Organised crime in Africa / New measures needed to curb Kenya’s rampant trafficking

Organised crime in Africa / New measures needed to curb Kenya’s rampant trafficking

Organised crime in Africa / New measures needed to curb Kenya’s rampant trafficking

Dangerous criminal networks for drugs, people and arms add to insecurity in the northern part of the country.

On 11 September 2022, armed militia suspected to be involved in human and drug trafficking attacked a police patrol of 11 officers en route to Merti Police Station in Kenya’s Isiolo County. One officer was killed and three seriously injured.

On 29 June 2023, a shootout occurred in the Charri area of Merti. Local sources told ENACT that traffickers were transporting over 50 migrants in a Toyota Land Cruiser. They reportedly defied police orders to stop, and gunfire broke out. The driver, from Biliqo village in Merti, and four migrants died. The other migrants and traffickers, many injured, disappeared into the thickets. According to ENACT sources, the driver was a notorious trafficker who has amassed considerable wealth by local standards.

These incidents represent just the tip of the iceberg in illegal trafficking in northern Kenya.

Isiolo town is 300 km north of Nairobi and is considered the gateway to northern Kenya. Isiolo County is located on the Nairobi-Moyale highway and is sparsely populated, with scant policing of its vast pastoral rangelands. It neighbours Marsabit County, which stretches to the long, porous northern border with Ethiopia.

Kenya trafficking routes

Kenya trafficking routes

Source: ENACT

Intricate criminal networks for drugs, people and arms operate in the region, with the supply chain divided into four geographic segments: traffickers and facilitators on the Moyale-Ethiopia side; traffickers in Moyale-Kenya; traffickers in Merti and Isiolo; and traffickers based in Meru and Nairobi.

Each group protects its territories and hands over illicit goods and trafficked people for onward transport. ‘Trafficking is organised in phases’, reveals a source who spoke anonymously to ENACT. ‘One group based in Moyale prepares and hands over the migrants and drugs to another who uses the feeder routes to sneak them up to Merti, Isiolo. From Merti, the migrants and drugs are handed over to another group in Meru or Isiolo town and taken to Nairobi, the final destination.’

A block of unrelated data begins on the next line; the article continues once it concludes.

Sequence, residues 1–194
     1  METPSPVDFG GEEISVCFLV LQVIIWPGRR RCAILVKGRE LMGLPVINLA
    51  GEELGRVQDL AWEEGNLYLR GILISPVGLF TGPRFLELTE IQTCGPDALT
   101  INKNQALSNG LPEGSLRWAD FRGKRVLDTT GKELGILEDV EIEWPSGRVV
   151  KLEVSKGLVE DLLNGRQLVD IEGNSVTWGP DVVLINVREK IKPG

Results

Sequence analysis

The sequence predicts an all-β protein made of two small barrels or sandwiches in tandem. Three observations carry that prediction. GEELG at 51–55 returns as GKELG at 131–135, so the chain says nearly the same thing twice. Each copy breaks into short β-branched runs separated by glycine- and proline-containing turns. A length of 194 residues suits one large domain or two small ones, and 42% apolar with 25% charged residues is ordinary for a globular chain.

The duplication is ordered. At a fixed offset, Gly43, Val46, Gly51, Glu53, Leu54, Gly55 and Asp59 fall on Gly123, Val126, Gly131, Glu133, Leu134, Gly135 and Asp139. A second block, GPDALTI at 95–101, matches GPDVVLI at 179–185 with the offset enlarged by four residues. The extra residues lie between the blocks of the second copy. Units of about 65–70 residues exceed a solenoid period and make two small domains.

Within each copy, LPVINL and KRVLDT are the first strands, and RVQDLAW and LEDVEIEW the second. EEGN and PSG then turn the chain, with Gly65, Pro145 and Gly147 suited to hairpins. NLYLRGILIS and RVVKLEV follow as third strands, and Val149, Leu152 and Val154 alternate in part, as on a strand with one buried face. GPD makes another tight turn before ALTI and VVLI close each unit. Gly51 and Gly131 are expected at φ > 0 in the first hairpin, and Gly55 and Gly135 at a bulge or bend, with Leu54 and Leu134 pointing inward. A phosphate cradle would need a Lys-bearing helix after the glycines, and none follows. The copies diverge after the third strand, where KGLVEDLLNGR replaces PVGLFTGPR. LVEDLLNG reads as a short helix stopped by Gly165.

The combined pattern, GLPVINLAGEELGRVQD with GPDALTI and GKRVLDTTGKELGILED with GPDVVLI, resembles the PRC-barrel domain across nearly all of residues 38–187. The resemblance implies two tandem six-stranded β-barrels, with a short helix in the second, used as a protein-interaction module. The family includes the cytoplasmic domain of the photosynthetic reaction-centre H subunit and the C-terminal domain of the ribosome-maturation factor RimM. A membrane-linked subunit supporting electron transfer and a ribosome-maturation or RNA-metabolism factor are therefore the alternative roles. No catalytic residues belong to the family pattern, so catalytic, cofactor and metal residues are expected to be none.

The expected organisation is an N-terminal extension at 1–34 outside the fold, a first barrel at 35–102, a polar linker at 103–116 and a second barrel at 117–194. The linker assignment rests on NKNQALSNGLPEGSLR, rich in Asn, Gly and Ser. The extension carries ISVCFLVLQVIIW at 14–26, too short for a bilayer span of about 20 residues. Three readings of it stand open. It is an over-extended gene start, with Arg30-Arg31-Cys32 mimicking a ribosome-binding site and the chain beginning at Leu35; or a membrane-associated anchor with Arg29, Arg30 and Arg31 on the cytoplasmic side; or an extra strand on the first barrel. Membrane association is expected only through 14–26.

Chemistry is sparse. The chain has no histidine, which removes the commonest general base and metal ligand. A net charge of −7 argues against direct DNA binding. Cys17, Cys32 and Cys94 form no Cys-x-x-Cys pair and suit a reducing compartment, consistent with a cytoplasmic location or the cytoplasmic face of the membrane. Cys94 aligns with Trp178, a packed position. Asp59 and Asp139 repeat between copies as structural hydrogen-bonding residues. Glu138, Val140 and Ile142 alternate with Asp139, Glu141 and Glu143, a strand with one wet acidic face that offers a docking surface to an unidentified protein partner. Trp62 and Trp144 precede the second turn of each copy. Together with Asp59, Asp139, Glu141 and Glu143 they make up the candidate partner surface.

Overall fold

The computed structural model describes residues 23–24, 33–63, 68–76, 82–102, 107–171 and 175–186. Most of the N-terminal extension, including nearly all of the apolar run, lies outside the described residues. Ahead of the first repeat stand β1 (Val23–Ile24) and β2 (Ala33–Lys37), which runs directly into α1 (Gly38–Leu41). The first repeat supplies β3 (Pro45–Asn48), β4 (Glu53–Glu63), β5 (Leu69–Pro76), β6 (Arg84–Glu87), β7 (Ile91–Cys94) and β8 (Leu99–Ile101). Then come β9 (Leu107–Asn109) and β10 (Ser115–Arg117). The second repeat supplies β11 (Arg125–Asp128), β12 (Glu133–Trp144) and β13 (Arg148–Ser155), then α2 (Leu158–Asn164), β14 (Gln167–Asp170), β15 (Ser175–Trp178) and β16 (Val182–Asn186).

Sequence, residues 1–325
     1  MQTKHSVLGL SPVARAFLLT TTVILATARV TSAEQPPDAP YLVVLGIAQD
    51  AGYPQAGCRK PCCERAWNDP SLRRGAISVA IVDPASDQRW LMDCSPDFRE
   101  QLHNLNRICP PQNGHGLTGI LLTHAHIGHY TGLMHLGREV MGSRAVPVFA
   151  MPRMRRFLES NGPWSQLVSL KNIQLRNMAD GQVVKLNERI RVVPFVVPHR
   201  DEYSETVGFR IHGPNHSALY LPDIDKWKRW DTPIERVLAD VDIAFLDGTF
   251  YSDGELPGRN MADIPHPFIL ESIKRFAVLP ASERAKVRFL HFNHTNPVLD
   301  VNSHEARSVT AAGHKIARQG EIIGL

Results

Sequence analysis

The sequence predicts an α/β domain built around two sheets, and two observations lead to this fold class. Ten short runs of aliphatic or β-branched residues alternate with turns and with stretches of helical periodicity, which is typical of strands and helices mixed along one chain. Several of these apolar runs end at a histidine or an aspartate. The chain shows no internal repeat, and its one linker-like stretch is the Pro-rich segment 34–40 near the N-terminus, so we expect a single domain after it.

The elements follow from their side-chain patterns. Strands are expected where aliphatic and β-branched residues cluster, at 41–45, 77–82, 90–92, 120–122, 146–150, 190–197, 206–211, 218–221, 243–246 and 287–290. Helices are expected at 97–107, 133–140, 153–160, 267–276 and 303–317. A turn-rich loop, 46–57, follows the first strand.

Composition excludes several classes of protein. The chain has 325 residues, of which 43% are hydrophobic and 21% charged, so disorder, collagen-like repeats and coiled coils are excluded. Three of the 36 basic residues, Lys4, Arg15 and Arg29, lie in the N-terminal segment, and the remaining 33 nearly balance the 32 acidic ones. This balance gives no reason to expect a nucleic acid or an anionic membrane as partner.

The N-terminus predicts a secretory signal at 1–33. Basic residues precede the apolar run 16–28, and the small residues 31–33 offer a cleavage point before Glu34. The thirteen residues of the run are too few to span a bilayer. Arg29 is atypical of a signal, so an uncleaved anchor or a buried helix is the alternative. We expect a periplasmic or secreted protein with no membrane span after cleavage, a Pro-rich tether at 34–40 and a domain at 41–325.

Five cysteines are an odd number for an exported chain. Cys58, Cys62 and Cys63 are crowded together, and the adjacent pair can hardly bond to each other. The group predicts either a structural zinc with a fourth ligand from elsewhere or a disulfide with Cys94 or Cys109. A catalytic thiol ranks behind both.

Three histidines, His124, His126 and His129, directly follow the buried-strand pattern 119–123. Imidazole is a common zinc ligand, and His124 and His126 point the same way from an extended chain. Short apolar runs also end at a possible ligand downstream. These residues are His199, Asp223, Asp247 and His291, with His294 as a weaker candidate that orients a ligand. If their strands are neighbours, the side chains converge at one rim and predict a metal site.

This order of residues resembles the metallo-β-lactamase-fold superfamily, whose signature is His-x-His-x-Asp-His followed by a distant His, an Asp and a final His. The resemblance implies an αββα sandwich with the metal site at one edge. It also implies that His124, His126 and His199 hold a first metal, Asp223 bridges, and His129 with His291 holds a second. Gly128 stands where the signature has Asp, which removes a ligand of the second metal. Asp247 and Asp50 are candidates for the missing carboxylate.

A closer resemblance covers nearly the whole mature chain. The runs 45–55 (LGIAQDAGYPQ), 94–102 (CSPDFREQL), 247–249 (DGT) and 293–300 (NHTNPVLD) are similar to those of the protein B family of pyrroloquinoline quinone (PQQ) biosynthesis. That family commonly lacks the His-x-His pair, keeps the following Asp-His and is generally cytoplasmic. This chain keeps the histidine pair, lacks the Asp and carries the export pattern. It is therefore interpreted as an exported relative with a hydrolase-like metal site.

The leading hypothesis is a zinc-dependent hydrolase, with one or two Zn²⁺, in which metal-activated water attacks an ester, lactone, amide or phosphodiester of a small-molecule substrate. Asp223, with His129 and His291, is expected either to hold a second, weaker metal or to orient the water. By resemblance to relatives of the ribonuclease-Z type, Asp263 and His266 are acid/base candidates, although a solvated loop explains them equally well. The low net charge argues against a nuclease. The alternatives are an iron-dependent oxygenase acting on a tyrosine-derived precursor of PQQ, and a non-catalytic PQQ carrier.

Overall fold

The preferred trafficking route used to be the main Moyale-Nairobi highway. However, the presence of Kenya’s multi-agency security units and numerous police checkpoints have driven the traffickers off the main road. According to one former trafficker interviewed by ENACT, this newer preference for bush roads was due to security personnel’s demands for exorbitant bribes.

One of the most trafficked drugs in this region is cannabis sativa from Shashamane in Ethiopia, commonly called shash. Local traffickers told ENACT that the cannabis was of premium quality and in high demand in cities across Kenya.

According to a former trafficker who spoke to ENACT anonymously, drug trafficking is highly profitable. He explained that 1 kg of shash cost US$13 at the source, US$47 in Moyale, US$100 in Isiolo, US$200 in Nairobi and US$470 in Mombasa. Local peddlers regularly produce hundreds of rolls from 1 kg, making a profit of up to US$167 per kg in Isiolo. With such a favourable risk-reward ratio, they gladly chance confrontations with security personnel.

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